More than 30 small and large business, non-profit, government and education leaders came together at Spring Lake Park High School October 13. The conversation focused on how we can continue to strengthen partnerships to benefit students, the workforce and our community.
Participants shared their perspectives on connections that would most benefit their business or industry sector and organization as well as Spring Lake Park High School students. Candid dialogue about opportunities, potential barriers, and specific events and experiences will inform district planning.
“It was thrilling to understand the level of enthusiasm among our partners for connecting with students and supporting their learning,” says Eric Van Brocklin, the high school’s Pathways to Career and College Readiness lead. “There was great energy and concrete ideas for what we can continue to do to benefit all.”
When asked to identify specific areas to strengthen, participants shared many ideas. Many want to welcome students and educators into their workplaces. Some are signing up to be guest instructors. Some are hoping to influence what technical skills are being developed. Some want to match students to opportunities for paid internships.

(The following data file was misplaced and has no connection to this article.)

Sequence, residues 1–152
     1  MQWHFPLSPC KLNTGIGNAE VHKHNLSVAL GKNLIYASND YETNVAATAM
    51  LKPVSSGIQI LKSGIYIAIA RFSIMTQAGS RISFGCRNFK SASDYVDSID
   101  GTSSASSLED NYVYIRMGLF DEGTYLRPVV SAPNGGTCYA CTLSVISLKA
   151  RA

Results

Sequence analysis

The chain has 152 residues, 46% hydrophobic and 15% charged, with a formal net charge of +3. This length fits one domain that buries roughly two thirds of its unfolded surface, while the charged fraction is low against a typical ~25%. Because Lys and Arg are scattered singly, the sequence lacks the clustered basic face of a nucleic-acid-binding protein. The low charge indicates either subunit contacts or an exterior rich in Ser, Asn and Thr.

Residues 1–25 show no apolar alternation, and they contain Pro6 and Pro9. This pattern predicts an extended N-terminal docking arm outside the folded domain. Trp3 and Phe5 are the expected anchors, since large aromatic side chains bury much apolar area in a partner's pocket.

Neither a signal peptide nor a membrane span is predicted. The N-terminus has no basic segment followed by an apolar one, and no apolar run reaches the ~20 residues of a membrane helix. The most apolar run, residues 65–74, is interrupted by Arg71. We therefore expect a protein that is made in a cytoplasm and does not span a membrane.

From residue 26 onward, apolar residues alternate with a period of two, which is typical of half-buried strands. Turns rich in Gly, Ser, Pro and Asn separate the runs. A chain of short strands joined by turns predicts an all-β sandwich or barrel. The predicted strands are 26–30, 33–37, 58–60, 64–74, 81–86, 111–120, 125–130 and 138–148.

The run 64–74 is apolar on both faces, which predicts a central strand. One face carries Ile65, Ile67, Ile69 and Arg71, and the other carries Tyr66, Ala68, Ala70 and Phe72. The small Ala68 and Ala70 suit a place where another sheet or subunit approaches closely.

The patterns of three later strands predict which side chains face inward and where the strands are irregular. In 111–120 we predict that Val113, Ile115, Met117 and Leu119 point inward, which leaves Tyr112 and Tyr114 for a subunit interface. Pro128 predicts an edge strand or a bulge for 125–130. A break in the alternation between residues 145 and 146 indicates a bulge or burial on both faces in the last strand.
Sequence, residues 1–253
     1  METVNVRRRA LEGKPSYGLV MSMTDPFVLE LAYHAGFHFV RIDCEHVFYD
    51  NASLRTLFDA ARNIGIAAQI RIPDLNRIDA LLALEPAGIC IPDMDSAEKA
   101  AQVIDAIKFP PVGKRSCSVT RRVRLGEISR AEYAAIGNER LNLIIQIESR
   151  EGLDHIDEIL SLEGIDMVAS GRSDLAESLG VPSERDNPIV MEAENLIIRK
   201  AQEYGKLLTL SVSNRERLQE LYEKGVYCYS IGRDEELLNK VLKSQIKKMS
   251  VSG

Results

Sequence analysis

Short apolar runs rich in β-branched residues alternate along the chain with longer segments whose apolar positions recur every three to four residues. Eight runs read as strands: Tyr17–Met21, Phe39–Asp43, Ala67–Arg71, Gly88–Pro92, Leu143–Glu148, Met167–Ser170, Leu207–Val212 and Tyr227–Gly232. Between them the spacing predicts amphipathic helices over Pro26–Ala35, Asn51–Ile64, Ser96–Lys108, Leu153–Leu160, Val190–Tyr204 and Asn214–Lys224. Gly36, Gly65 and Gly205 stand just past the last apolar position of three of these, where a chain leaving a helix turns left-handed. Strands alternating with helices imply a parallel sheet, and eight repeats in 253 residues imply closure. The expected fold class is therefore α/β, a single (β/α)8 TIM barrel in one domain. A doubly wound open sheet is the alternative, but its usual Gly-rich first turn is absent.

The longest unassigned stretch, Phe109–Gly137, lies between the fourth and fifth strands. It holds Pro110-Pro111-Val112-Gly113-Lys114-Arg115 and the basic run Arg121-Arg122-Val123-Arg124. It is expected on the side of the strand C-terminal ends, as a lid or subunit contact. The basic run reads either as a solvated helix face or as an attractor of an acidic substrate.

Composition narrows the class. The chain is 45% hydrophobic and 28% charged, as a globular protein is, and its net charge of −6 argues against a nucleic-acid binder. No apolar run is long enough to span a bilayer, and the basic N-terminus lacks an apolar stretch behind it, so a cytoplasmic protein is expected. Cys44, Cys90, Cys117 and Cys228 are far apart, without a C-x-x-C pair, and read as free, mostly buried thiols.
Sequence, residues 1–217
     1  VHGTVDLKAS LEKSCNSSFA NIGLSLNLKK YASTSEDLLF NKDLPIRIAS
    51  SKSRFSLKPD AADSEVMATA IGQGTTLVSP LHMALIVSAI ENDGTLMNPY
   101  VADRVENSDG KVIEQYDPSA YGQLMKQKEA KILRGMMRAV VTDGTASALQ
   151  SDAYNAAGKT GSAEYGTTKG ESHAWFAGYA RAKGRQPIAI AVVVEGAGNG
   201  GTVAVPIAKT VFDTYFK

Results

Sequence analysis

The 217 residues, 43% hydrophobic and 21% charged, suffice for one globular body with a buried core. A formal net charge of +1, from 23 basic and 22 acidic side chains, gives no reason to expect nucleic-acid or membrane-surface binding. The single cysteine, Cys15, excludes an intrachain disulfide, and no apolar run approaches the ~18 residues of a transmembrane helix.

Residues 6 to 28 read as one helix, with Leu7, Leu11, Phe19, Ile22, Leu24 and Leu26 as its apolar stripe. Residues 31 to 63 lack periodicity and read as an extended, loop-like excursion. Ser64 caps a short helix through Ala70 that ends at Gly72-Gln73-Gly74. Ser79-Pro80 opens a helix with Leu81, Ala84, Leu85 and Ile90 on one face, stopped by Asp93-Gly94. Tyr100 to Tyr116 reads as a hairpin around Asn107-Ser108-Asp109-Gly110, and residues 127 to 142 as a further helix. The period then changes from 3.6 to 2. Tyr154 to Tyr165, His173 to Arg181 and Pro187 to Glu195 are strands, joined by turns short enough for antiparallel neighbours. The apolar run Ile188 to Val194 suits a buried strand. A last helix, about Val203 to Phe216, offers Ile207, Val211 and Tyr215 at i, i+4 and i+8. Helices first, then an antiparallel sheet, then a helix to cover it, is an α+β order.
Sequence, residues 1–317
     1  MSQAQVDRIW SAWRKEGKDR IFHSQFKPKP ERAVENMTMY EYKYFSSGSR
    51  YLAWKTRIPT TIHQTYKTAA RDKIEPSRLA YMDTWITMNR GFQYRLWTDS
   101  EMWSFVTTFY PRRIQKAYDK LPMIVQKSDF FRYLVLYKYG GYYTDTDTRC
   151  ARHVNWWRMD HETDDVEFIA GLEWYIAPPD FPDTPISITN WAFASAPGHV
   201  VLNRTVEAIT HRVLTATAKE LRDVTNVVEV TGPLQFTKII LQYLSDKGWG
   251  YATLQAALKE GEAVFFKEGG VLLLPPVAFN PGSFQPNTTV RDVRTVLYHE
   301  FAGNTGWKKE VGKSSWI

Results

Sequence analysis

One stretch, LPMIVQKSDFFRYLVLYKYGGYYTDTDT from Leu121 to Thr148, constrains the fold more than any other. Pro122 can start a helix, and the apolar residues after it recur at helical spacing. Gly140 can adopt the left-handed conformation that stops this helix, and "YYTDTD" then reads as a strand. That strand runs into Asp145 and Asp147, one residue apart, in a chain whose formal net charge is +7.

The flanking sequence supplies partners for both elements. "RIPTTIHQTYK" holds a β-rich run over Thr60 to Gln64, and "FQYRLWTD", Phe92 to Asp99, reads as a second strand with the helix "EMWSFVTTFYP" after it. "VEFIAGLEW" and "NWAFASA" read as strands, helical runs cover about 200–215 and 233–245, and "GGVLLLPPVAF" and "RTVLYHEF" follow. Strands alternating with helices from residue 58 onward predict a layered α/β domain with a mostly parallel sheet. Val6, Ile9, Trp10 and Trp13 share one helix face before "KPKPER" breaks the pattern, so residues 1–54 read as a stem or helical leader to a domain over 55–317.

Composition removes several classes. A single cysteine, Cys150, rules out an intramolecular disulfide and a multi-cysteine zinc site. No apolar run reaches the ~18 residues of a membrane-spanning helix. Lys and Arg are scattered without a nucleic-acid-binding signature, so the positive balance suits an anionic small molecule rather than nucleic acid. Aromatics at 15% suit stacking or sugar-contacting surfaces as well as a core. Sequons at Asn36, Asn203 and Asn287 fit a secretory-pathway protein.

“Each employer and partner can offer something different,” says Eric. “As a district focused on personalized learning, we know that our approach with partners should offer the same personalization. I’m excited to see what we can develop with each of our partners.”
Roundtable participants work in all three career pathways offered at Spring Lake Park High School – Business and Entrepreneurship, Health and Human Services, and Technology, Engineering and Design. Each pathway represents a need for future jobs. Multiple courses within each pathway allow students to pick and choose courses across pathways or go deep in one area.
“Our goal is to provide opportunities for students to explore and support the discovery of their passion and purpose,” says Eric. “There are many ways to incorporate industry and community partners into the learning that make it real, authentic and impactful.”
Some students pitch business ideas to business leaders. Some become certified nursing assistants and EMTs. Others learn how to design and make objects on 3D printers. Some build a house. Through pathways, students have a chance to explore as they gain real, applicable skills for their future.
Interested in learning more? Contact Eric Van Brocklin, email@example.com, 763-600-5100.